It’s not a rare occurrence to turn up to an electric vehicle charging point and find it out of order, so now the UK Government is set to mandate that operators provide real-time data about chargepoints, requiring a 99% reliability rate at rapid chargepoints to ensure that they are working before a driver arrives. This should hopefully stop the situation where someone breaks down as a result of arriving at a faulty charger with a low state of charge.
It’s not just consumers that will get a good deal, however, as chargepoint network operators will also find their lives made easier. The UK Government is promising to address concerns around high connection costs and delayed planning permission approvals, but it hasn’t detailed exactly how it plans on doing that.
Will the UK Government’s plan work?
So, the question is, will the UK Government’s plan for achieving a robust, reliable and plentiful electric vehicle charging network by 2030 actually work? Well, the industry thus far seems to see it as a positive step, albeit a step and not the only work that can be done by this Government.
Ian Johnston, the CEO of Osprey Charging, noted, “The announcement by the government is an important step towards ensuring that we have the right number of charging points in all locations across the UK. This is crucial to give everyone the confidence that when they make the switch to electric, they will be able to charge as easily as they refuel today – whenever and wherever they are. These charging stations simply must be reliable, easy to navigate and importantly, accessible for all.
“There are already many billions of pounds of private investment committed for the deployment of charging infrastructure across the UK from leading networks like Osprey, and the announcements will allow this funding to provide the critical infrastructure to the areas that are as yet underserved – notably the motorway service areas and the Local Authority towns and cities across the nation. We look forward to working with the government to help bring this strategy to life, delivering a high quality, inclusive, open-access and reliable charging network that’s worry free, comfortable and enjoyable to use.”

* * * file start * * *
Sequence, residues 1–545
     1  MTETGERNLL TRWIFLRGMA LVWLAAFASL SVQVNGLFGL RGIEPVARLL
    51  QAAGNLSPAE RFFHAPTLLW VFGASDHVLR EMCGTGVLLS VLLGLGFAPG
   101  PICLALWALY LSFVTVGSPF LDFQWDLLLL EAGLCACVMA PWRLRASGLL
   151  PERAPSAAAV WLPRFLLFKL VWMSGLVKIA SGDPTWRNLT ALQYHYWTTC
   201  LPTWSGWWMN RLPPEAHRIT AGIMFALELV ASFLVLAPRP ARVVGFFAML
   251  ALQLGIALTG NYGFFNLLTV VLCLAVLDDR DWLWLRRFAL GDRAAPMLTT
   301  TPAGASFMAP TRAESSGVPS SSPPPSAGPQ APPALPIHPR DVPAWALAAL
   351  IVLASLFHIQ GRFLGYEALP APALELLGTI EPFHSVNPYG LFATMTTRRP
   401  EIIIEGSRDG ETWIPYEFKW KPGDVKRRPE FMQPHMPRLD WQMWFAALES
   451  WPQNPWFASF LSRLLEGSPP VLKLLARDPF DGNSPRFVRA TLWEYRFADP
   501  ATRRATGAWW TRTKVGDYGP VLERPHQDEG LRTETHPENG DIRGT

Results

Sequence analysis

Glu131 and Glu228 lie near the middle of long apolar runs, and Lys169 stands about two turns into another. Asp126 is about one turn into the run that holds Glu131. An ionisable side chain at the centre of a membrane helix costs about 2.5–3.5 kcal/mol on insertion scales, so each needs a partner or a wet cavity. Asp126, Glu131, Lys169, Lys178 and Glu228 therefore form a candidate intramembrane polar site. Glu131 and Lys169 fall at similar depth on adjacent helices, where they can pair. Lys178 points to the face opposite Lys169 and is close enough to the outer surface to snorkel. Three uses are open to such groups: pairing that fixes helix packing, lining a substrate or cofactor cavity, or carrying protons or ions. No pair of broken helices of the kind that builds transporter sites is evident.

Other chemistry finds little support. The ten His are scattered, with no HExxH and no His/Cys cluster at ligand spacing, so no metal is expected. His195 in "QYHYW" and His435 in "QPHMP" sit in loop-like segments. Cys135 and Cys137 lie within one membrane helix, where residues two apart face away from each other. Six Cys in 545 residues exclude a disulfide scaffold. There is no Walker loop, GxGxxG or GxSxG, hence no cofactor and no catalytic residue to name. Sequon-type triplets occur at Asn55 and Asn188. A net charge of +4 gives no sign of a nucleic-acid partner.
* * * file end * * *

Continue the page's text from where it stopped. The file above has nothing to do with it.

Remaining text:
Simon Tucker, Managing Partner & Head of Energy, Utilities, Resources and Services EMEA at Infosys Consulting, added, “The Government’s latest pledge to provide a 10-fold increase on the current public charge points across the UK by 2030 is desperately needed. Electric cars are becoming mainstream, accelerated by the rising price of fuel, but the location and surrounding infrastructure is the biggest roadblock. Not all roads are equipped for the transition, and it’s a massively uneven picture across the UK. The infrastructure simply isn’t there to support the shift.
“The digital experience is also lacking. That’s why the mandating of operators to provide real-time data for consumers to check the status of devices and compare prices, and accept contactless payments, will be a game-changer. Even if charging ports were more widespread, there’s currently no ability to roam between networks and charge with other providers. Countries like Norway and Sweden are way more ahead, as they built the infrastructure before the cars. Here, we’ve been running before we can walk. However, this new pledge is a step towards correcting the UK’s backwards approach to EV roll-out.”
Paul Willcox, Managing Director, Vauxhall, concluded, “The electric vehicles (EVs) sold now not only help to reduce air pollution, and our fossil fuel use, today but they become the used electric vehicles of tomorrow – enabling more of the UK to transition quicker to zero-emissions-in-use motoring.
“With demand for EVs rising, and an expanding choice of EVs available, we believe that public confidence in a visible, reliable and easy to use charging network is key – especially for those who do not have the luxury of off-street charging.
“Vauxhall recently welcomed the Government’s Zero Emission Vehicle mandate announcement – a target on the amount of EVs sold in the UK – on the basis of it taking a 360-degree approach and including complementary targets on charging infrastructure.
“Whilst we welcome the Government’s Electric Vehicle Infrastructure Strategy, we feel that it is a missed opportunity to provide certainty to customers by mandating binding targets on the roll-out of the charging infrastructure in the UK. It is essential that infrastructure keeps pace with market demand, or in fact leads demand, to remove any customer fears of ‘charging anxiety’ and accelerates the electrification of Britain’s roads as quickly as possible.”